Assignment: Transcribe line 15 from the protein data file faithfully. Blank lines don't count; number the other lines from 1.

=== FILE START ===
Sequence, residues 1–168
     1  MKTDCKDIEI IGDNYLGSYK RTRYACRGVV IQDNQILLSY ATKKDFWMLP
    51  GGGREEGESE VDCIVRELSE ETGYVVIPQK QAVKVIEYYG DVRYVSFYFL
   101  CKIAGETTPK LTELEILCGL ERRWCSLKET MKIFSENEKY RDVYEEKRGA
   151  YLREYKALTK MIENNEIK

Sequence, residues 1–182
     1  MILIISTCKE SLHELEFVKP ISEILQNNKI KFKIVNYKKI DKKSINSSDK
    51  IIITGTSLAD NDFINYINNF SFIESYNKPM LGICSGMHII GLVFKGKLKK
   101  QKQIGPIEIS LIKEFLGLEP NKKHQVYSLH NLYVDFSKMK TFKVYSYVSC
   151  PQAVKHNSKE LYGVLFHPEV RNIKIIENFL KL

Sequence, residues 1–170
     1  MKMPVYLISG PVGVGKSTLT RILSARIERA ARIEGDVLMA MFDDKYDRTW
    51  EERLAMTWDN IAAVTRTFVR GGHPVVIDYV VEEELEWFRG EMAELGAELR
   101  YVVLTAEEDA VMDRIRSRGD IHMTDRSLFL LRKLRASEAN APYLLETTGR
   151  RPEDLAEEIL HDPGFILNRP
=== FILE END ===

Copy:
   151  RPEDLAEEIL HDPGFILNRP